Friday, November 10, 2006

31st Friday in Ordinary Time (II)
Memorial of St. Leo the Great, Pope and Doctor of the Church
Astute or Foolhardy

Readings: Philippians 3:17—4:1; Psalm 122:1-2, 3-4ab, 4cd-5; Luke 16:1-8

When we consider the lives of the saints from a certain perspective the choices they made and the things they did can seem rather foolish. Think, for example, of St. Ignatius of Loyola, giving up his status among the nobility to go on an arduous pilgrimage to the Holy Land, dressed in sackcloth. Consider, also, Mother Teresa, leaving her rather comfortable religious life in a teaching congregation to live and work among the destitute. Think also of the apparently imprudent choices that some people make everyday: not participating in office gossip even at the risk of being ostracized, speaking up for the truth even when people will be likely to misunderstand and disapprove, really listening and trying to understand someone whose views are opposed to their own even at the risk of receiving a good scolding. These choices and actions can seem at least puzzling, if not downright foolhardy.

And here is Jesus telling us in today’s gospel to be astute. What does he mean? In what way are Christians called to be astute.

Consider the steward. How was he astute? Was it not in being willing to sacrifice a short-term gain (his commission) for a long-term advantage (a welcome after his dismissal)? Similarly, the saints were willing, even eager, to sacrifice short-term pleasures and comforts for the ultimate long-term gain. In the words of the first reading, they came to see, in powerful ways, that our homeland is in heaven. And having set their sights on this final destination they were happy to let go of earthly things. Indeed, like the psalmist, they rejoiced at the prospect of journeying to God’s house, no matter the cost.

What vision of our heavenly homeland do we cherish? What short-term sacrifices are we willing to make? How astute are we?


  1. Hi Fr,when reading the gospel this Am bout the dishonest steward.I didn't get the entire learning point. Why did the master "commend him for his prudence"? Also if ya read the explanation of the parable in Lk 16:9, why did Jesus ask us to "make friends with worldly wealth" or in the NAB version "dishonest wealth"?

  2. Can anyone help to shed light on Grace's question? Any takers...?

  3. Everything that the steward did was dishonest. Do you really think any employer would commend a dishonest employee ? Jesus is not commending wickedness but asking "Shall I tell you to act that way, to buy friendship through cheating ?"

  4. From Brendan Byrne, SJ, The Hospitality of God: A Reading of Luke's Gospel

    "Almost from the time it left the lips of Jesus the parable of the rogue manager (16:1-8a) seems to have been a puzzle for interpreters. The sayings appended to it (vv. 8b-13) reflect attempts at various stages of the tradition to make sense of the parable. It is nothing unusual for Jesus to have disreputable characters at the center of his parables. but this one stands in a class of his own. Moreover, his roguish activity is praised by the master (v. 8a) in such a way as to suggest that what he is doing is something to emulate.
    The key to understanding the parable lies in being clear about where the manager's 'dishonesty' lay. The most obvious solution is to see it consisting in what he does with his master's creditors -- getting them to write down reduced amounts of what they owe; in this way he is defrauding his master. But, according to the story (vv. 1-2), the master finds fault with the manager before he has recourse to this stratagem. His dishonesty, or perhaps better his incompetence, has to do with the way he has conducted his master's affairs before his dismissal and is in fact the reason for it. What he does after receiving the notice -- reducing the debts -- is opportunistic but need not necessarily be wrong.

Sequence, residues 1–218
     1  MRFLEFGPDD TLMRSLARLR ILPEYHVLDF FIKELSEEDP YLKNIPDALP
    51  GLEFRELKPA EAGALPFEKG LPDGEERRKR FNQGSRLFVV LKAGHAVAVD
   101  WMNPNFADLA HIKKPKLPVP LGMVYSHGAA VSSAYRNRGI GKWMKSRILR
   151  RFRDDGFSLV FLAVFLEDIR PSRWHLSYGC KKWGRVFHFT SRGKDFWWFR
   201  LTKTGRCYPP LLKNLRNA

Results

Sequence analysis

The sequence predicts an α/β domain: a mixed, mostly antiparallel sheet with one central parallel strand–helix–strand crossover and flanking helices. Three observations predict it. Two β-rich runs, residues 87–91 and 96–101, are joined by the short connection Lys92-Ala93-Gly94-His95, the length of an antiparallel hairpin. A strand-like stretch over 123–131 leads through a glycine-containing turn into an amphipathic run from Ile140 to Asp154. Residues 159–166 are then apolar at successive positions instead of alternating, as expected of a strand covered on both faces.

What, in fact, is the steward doing? It is quite likely that the parable envisages a situation where a manager enjoying considerable autonomy lets out items of his master's property for a commission or interest that includes some proportion for himself. There is nothing dishonest in this as far as the master is concerned; he gets his interest and the manager gets a cut as well. What the manager does after receiving notice of dismissal (vv. 5-7), is to strip away the portion of interest accruing to himself. He cancels his own cut because he reckons that it will be more advantageous, when he is out of work -- and too weak to dig and too ashamed to beg (v. 3) -- to have the goodwill of people who may be able to help him , welcoming him into their homes (v. 4). His master praises him for what he has done (v. 8a) because, in his own interest, he has acted 'sensibly': he has not clung to his wealth but used it to win goodwill that will serve him in his coming hour of need.
    The parable, then, refers to the great reversal that will take place with the coming of the kingdom. Faced with a crisis, the worldly-wise manager took rigorous action. He acted 'violently' against his own immediate interest (stripping away his wealth) to preserve his long-term future. In this sense, as a 'child of this world' he showed himself more shrewd than the 'children of light' (v. 8b). If the worldly manager is prepared to take violent action against himself, how much more -- in view of the higher stakes operative -- should the hearers of Jesus ('children of light') be prepared to do so. They should be ready to give away their wealth now in the form of alms so that when the great reversal comes and the poor have their privileged places in the kingdom (6:20), these same poor will welcome them into 'eternal dwellings' (v. 9), offer them the hospitality of God. As generally for Luke, the only really useful thing to do with money is to give it away now so that it will store up 'treasure in heaven' (12:33).